I’ll tell you a conversation I heard in the men’s room straight after the film between two young boys (that probably just hit puberty) that sums it up pretty well:
“Man, what an awesome movie!”
“Yeah! But what I didn’t get was why they had to [spoilers].”
“I didn’t get that either. And who was the robot that [spoilers] and the one that [spoilers] in the end?”
“I’m not sure. I think it was [spoilers] and [spoilers].”
“Really? I thought it was [spoilers].”
“Who cares? Megan Fox was hot though.”
“And the cars and robot fights were really cool.”
“Yeah, what an awesome movie!”
The second film (there will inevitably be more) of Michael Bay’s Transformers series is bigger, louder, longer and dumber than the original. So if you’ve seen the first, expect more of the same except with everything magnified. For some, like the teenage boys described above, that’s awesome. For most others, it’s downright unbearable.
As for me, I went into the film with sub-zero expectations because everything I’ve come across about the film shreds it to pieces. And while the film does fail miserably in most departments, it is not a complete waste of time and money. Some parts were exciting. Some were a little funny. So if you can put up with the rest of the parts that weren’t (and those were in the clear majority), then you might find it okay.
What’s it about?
There were 2 things in Transformers: Revenge of the Fallen (let’s just call it Transformers II) that improved on the first film: (1) robot fight scenes; and (2) special effects.
One of my gripes about the original Transformers movie was that you couldn’t tell what was going on in a lot of the fight scenes between the Autobots and the Decepticons. All you could see were some quick flashes and giant balls of metal rolling around before one of them would stand victorious.
Transformers II rectifies the problem in a big way. The camera pans back this time and stays on the robots long enough for audiences to see and appreciate the action. So much so that kids can probably recreate the battles with their licensed Hasbro toys afterwards.
Seriously, the robot action was a lot smoother and more fluid this time.
Less noticeably, perhaps, were the special effects, which also improved from the original. Apart from the robots themselves, many of the fight scenes involved destroying well-known landmarks. This was done with amazing realism. Further, the robot transformations were even more intricate and visually impressive than last time.
Yep, there was a lot of bad.
For starters, the movie was way too long, clocking in at 2 hours and X minutes. I wouldn’t have had a problem had the film felt shorter, but it didn’t. It felt like a really long movie.
Secondly, the plot. It’s hard to know where to start with it so I won’t even try. I hadn’t expected it to be original but this was derivative to the point that you couldn’t simply ignore it. Let’s just say they could have put a little more effort into disguising it better.
Even the jokes were bad this time. There were some decent laughs too, but many of jokes in Transformers II fell flat. Like bad ‘Scary Movie’ jokes flat. Especially when it tried to be ‘cool’, it turned out to be lame. The twin Autobots were the prime culprits.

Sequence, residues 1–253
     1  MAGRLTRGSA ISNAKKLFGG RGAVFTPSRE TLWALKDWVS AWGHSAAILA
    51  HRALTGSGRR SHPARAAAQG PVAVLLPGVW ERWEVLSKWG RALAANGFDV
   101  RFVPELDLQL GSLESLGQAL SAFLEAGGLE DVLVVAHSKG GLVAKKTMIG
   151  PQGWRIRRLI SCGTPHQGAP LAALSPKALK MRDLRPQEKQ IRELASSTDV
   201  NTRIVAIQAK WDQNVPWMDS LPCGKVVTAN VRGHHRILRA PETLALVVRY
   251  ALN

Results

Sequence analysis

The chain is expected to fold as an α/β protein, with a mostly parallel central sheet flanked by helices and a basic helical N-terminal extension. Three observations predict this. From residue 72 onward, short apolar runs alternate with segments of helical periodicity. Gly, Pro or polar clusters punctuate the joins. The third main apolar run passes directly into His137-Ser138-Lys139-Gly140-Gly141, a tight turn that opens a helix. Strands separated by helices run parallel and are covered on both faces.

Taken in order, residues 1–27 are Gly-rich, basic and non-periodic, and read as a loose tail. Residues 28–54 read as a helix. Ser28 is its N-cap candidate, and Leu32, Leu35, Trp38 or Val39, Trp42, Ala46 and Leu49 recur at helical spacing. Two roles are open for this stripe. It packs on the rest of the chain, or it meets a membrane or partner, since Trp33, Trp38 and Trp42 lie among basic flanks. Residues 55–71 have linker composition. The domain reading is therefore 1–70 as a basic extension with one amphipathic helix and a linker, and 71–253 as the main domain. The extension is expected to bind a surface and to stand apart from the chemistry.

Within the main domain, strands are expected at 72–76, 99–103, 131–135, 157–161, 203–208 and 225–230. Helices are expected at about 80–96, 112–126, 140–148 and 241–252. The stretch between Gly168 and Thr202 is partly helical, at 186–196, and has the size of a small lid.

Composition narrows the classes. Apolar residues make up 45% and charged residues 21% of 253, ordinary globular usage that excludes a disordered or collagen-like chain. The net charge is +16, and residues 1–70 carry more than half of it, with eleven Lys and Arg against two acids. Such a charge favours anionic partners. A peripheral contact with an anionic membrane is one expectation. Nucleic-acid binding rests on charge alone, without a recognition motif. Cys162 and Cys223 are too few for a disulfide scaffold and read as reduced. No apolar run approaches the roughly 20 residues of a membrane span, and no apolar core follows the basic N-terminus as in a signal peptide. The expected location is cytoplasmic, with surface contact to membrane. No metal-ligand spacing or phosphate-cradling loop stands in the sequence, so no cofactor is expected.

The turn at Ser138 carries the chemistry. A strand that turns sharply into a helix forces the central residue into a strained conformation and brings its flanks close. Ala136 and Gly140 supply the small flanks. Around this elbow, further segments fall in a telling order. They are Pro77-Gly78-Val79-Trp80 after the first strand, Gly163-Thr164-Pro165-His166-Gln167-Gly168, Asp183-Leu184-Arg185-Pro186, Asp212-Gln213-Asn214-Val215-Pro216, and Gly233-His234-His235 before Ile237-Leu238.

The film took a turn for the better when John Turturro arrived. Like the first film, he was the comic highlight, but although he had some good lines he had limited screen time and dare I say even some of his antics wore a little thin at times.
Transformers II has some of the worst editing of any film I have seen in recent times. It’s not bad to the extent that you don’t know what’s going on, but it provides plenty of ‘WTFs?’. For a major blockbuster like this, there’s no excuse. To me, it reeks of laziness. It’s as though the makers only cared about the cars, the action and the girls, and forgot about everything else.
Case in point – you know how when lead actor Shia LaBeouf injured his hand in a motor accident in real life and Bay said that they would work that into the movie? Not really. They just kind of fudged it – the idea wasn’t awful, but the execution was. If you’ve seen the film you’ll know what I mean.
The majority of the main cast from the original returned. Shia LaBeouf is getting over exposed these days, so he may be losing his charm, but he still does a reasonable job as the hero. There were a few scenes where he demonstrates that his head hasn’t gotten so big that he’s unwilling to be ridiculed.
Megan Fox returns to play another sexy role as his girlfriend and doesn’t do much other than trying to look and sound appealing. She’s actually not bad, but for some reason really looks like she could use a nice long bath.
The key new addition is the new roommate, Leo Spitz, played by Ramon Rodriguez, who is the primary comic relief until John Turturro returns. Both men provide a spark to an often sagging film, though their jokes can be uneven.
On the military side, Josh Duhamel and Tyrese Gibson return to their rather useless roles. If they wanted to trim the fat off this movie then these guys should have gone first.
Michael Bay didn’t try to cater for all audiences like say JJ Abrams did with Star Trek – it’s very clear from the first few minutes that Transformers: Revenge of the Fallen is nothing more than a bit of brainless fun targeted at overly excited teenagers. However, even if you accept the film for what it is, it doesn’t necessarily succeed. It’s still far too long and disjointed, and everything other than the special effects and action sequences feel extraordinarily lazy, as though they didn’t think anyone would notice or care if they put no effort into it. That said, if you can put all of that aside…
2.5 stars out of 5!